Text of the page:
People with depression could be at greater risk of heart disease, according to an international research team led by a Charles Sturt University researcher. Dr Robert Grenfell, national clinical issues director at the National Heart Foundation, said the study confirmed the importance of treating depression to avoid heart disease. “We know that depression, social isolation and lack of quality support is a key risk factor for cardiovascular disease and this study confirms the importance of us treating it in its early stages,” he said. More than 46,000 Australians die each year from cardiovascular disease, Australia’s No.1 killer. The study found that depression seemed to change the way heart rate is controlled, which increases the risk of heart attack. The authors also found that diabetes seemed to worsen the risk of cardiac arrest in people with depression. Mild depression is associated with doubling the risk of developing cardiovascular disease and heart attack (and death from these causes), and severe depression has an even more profound effect, with up to five times the rate of cardiovascular disease compared with non-depressed people, Grenfell said. Evidence from large studies where depression appears to be adequately treated, have not shown any reversal, or improvement in the cardiovascular disease risk. Therefore, the best option is to treat depression in its early stages, he said.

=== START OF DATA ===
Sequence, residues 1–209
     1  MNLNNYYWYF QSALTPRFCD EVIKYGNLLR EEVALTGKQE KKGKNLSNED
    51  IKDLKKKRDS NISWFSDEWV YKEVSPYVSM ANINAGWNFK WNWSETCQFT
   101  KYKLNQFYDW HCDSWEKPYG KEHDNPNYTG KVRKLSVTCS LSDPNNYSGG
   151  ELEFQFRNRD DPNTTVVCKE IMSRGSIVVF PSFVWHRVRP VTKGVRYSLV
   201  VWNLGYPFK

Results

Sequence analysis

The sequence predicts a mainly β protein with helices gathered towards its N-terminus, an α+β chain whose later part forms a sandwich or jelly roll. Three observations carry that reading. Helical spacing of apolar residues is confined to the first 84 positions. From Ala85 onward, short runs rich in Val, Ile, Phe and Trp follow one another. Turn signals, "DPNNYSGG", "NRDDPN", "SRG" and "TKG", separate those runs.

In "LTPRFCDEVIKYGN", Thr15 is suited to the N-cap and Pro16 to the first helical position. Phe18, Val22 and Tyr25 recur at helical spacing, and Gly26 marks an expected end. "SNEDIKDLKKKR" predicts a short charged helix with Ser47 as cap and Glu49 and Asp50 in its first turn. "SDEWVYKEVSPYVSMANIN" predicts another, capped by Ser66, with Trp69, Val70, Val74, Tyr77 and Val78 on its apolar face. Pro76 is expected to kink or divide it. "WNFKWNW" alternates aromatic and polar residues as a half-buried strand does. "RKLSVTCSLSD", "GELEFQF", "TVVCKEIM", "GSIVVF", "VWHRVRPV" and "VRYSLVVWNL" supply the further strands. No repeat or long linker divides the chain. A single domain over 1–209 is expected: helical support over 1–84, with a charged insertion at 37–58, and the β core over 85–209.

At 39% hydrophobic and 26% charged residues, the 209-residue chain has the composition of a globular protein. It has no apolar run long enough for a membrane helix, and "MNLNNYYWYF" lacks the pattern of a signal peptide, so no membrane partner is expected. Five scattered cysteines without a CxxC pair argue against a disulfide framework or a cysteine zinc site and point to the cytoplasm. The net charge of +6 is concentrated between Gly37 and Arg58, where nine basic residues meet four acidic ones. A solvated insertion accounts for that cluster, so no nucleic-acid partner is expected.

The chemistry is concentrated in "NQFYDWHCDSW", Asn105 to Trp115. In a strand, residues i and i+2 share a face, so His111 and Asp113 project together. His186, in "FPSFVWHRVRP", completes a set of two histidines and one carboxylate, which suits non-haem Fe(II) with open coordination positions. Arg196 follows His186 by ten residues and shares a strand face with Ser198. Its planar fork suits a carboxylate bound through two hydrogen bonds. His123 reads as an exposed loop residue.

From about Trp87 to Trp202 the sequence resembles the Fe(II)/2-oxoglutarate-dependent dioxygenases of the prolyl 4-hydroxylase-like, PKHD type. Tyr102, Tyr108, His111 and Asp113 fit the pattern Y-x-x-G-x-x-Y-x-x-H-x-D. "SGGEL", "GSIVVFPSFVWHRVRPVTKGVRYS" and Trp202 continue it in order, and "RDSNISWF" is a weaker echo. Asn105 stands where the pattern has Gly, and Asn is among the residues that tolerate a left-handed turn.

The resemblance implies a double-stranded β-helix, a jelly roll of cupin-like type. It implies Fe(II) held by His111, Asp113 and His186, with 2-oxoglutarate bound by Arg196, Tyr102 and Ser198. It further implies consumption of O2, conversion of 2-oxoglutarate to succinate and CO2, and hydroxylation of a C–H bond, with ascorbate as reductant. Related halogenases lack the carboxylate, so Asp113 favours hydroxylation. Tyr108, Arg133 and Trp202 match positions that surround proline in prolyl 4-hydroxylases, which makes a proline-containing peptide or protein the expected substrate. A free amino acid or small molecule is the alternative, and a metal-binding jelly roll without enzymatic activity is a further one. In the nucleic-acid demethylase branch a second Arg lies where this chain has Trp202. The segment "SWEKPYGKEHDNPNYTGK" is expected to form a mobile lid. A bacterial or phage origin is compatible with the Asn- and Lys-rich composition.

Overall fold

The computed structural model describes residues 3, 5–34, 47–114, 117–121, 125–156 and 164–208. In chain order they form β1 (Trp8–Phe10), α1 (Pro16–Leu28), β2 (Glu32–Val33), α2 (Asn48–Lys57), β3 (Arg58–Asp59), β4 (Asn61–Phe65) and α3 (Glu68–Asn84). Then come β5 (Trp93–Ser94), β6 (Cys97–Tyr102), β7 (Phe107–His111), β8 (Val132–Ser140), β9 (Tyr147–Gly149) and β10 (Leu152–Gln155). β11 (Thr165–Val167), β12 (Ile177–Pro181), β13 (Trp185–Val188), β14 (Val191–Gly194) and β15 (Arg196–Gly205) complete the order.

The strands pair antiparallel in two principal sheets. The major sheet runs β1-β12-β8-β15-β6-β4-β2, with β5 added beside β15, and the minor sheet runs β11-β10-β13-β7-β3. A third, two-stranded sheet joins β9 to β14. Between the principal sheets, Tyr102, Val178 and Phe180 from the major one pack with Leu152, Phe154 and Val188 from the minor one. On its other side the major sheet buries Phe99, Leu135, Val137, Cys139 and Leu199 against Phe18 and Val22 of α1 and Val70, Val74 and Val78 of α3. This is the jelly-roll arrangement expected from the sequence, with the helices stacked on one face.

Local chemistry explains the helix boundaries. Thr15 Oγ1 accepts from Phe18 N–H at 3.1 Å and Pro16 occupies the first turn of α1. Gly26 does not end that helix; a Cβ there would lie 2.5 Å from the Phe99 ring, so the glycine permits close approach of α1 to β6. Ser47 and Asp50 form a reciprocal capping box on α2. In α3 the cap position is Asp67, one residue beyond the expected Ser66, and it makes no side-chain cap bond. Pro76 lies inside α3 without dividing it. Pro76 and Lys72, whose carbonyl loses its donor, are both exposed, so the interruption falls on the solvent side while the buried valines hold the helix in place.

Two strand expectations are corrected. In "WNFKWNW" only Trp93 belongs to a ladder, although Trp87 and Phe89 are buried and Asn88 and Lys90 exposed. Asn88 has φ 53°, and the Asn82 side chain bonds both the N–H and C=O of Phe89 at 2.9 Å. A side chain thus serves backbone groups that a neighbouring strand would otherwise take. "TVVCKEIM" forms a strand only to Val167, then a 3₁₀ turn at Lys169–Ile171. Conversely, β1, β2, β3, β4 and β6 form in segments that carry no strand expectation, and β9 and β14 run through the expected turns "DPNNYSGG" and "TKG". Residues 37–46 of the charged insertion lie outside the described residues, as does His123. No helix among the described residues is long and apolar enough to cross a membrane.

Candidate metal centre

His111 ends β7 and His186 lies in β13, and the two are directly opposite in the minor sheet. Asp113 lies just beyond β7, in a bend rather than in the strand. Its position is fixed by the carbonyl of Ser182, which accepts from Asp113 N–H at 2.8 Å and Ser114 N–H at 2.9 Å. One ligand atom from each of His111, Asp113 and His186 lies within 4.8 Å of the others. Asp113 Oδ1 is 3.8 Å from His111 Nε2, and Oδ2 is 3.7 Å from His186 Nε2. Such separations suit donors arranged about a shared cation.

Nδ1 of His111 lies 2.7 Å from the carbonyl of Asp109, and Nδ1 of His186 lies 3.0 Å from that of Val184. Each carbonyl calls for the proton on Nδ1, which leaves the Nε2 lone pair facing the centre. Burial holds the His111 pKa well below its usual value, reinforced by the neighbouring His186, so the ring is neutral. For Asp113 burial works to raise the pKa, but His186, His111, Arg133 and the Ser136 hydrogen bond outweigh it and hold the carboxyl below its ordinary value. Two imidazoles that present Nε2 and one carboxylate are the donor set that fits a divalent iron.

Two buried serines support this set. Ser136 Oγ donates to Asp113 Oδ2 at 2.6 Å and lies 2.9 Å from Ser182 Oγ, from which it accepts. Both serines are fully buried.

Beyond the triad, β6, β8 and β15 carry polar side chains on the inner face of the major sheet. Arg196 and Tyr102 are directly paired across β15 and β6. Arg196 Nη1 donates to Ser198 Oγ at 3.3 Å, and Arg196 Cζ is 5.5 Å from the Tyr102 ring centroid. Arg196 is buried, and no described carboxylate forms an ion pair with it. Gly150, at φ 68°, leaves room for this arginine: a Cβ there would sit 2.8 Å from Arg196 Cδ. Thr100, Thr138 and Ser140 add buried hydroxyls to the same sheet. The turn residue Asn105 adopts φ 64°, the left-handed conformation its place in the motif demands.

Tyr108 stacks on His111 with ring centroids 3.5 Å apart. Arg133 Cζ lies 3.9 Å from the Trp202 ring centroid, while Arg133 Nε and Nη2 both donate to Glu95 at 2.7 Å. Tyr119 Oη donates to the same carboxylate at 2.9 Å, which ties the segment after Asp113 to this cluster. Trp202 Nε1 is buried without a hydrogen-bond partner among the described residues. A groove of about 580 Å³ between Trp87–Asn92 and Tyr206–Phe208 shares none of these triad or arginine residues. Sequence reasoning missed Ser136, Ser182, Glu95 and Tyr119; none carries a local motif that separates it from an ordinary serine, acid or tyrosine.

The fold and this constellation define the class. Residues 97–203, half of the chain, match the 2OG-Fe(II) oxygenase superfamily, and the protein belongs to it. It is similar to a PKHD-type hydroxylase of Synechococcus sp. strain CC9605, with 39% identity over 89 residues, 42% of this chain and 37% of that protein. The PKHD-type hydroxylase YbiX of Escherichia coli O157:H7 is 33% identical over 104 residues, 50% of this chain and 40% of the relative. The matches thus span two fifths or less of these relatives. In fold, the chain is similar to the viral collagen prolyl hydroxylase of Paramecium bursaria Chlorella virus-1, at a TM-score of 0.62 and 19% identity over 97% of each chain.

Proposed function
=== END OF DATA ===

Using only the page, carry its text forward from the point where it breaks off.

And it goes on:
Biotech centre for regenerative wound healing launched

Australian Catholic University and the O’Brien Institute have signed an agreement to establish the joint Centre for Regenerative Wound Healing in Melbourne.The new centre, based at St Vincent’s Hospital in Fitzroy, will focus on research, new technologies and healthcare initiatives in the areas of wound healing and tissue engineering. Three researchers have already started working at the new research centre in Melbourne, and a further three research associates and six PhD research scholars will be recruited this year. The agreement was signed between the two institutions in late December. Head of the O’Brien Institute, Professor Wayne Morrison, said the joint venture would help put Australia at the forefront of bringing tissue engineering to the clinic. “The presence of ACU allied health professionals and students at St Vincent’s Hospital align perfectly with O’Brien Institute’s role of translating their research into clinical applications,” he said. Professor Thomas Martin, Deputy Vice-Chancellor (Research) at ACU, said the agreement would also provide both higher education career pathways and unique research training opportunities for nursing and other allied health students and professionals. “ACU has a proud and long-standing tradition of excellence in the health sciences and it is our great honour to be affiliated with the O’Brien Institute through this new venture,” he said in a statement. Martin said the new centre would benefit the global community. The O’Brien Institute is the largest surgical institute dedicated to the advancement of microsurgical reconstruction and research in the world. It was established more than 40 years ago to promote research and training in microsurgery and has been involved in operations such as Australia’s first hand transplant, the reattachment of a woman's face and the growing of a new ear.